When Gov. Ron DeSantis signed Florida's new state budget on June 29, he slashed a billion dollars earmarked for agencies and programs that Floridians depend upon, including money set aside for building more affordable housing in Orange County.
Among his vetoes, DeSantis cut $225 million that lawmakers intended for the State Housing Initiatives Partnership, or SHIP, which included $11.7 million expected by Orange County.
The SHIP dollars are usually used in Orange County for down payment assistance and housing repairs for very-low-income to moderate-income families. The funds also provide special-needs housing and low-interest loans to builders of affordable apartments.
The money will instead be sent back to the trust fund created in 1992 by the Legislature through the Sadowski Act, designed to provide consistent funding to Florida's affordable housing programs, but which has been chronically underfunded. Frequent raids of the trust fund by lawmakers have left Orange County with only about $1.4 million in each of the past two years. In fact, this had been the first year in a decade in which legislators left the funds intact.
"There's going to be a lot more vetoes, there'll be a lot of red," DeSantis warned reporters during a June 16 news conference at which he touted his priorities: teacher pay hikes and spending on environmental issues.
"We're living in a different reality. We've got to take that into account," said the governor who made renters sweat by waiting until just hours before his eviction moratorium was to expire to renew it.
Now, lawmakers will get to decide the fate of those millions of dollars after the Nov. 3 general election, providing even less accountability in a time of housing crisis.
The governor, who also once vetoed gambling-addiction warnings on lottery tickets, says he still cares about poor Floridians and the state's lack of affordable housing, a chronic problem that existed for years before the coronavirus pandemic. On June 25, he announced he would attempt to replace the vetoed housing funds with $240 million from the federal CARES Act. Half of this will go to building affordable multi-family properties through the Florida Housing Finance Corporation, and the other half will go to counties.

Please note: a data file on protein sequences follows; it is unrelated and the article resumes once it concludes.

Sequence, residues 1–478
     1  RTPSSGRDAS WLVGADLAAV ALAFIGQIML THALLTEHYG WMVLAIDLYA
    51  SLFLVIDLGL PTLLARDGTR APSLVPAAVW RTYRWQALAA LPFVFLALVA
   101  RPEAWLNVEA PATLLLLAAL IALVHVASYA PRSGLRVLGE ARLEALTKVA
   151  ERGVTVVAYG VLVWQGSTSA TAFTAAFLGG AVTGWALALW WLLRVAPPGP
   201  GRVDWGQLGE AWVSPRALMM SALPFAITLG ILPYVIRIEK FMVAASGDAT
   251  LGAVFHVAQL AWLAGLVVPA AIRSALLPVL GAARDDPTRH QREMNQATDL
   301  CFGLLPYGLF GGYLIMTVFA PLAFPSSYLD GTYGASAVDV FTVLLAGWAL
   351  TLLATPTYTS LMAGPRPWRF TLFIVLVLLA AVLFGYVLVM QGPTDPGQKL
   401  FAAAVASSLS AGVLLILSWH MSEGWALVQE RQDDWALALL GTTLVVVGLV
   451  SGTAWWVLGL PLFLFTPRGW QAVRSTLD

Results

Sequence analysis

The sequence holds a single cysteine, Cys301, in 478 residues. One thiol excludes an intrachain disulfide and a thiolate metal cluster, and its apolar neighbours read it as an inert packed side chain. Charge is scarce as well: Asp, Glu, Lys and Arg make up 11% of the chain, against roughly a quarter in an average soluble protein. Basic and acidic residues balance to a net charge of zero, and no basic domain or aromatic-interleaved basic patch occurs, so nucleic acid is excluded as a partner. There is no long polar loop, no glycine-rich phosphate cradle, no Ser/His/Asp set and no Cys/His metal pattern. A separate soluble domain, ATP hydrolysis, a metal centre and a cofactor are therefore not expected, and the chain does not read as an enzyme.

While the FHFC and the Florida Housing Coalition say the CARES Act funding substitution is adequate, and even faster to reach recipients than SHIP funds, Orange County's manager of housing and community development, Mitchell Glasser, told the Orlando Sentinel that CARES dollars have "nothing to do with" the annual projects paid for by SHIP funds.
"It’s a huge hit," Glasser said.
The county has about $4 million left over from earlier SHIP payments, but some programs like rehousing the homeless may now need to be reconsidered. The progress lost could set the area back decades in addressing the problems.
$115 million will remain intact in the budget for the State Apartment Incentive Loan program for affordable housing developers, but neither address the longstanding issues legislators sought to finally address, which will now only be exacerbated by the economic shutdown.
The National Low Income Housing Coalition estimates that Florida needs $609 million a month to help low-income renters who have lost work due to the pandemic. Other experts say it is even more.
Even worse, the CARES Act substitution could endanger low-income and unemployed Floridians as they face hurricane season.
"If a person has a house in disrepair that won't stand up when a hurricane hits, that's not COVID-related," said Jaimie Ross, president and CEO of the Florida Housing Coalition, to the Miami Herald. "Homeowner repairs, getting people into first-time home ownership – that's not COVID-related."
DeSantis left intact $500 million in Florida's budget for corporate tax breaks that housing advocates say should be cut to shoulder the burden instead, rather than shifting around funds that have different uses.
After his vetoes, DeSantis said Florida will have a $6.3 billion buffer to "weather any storm that the economic recovery may throw our way going forward."
Without a serious and sizable investment in solving Florida's affordable housing crisis, the next storm could be one of the governor's own making.
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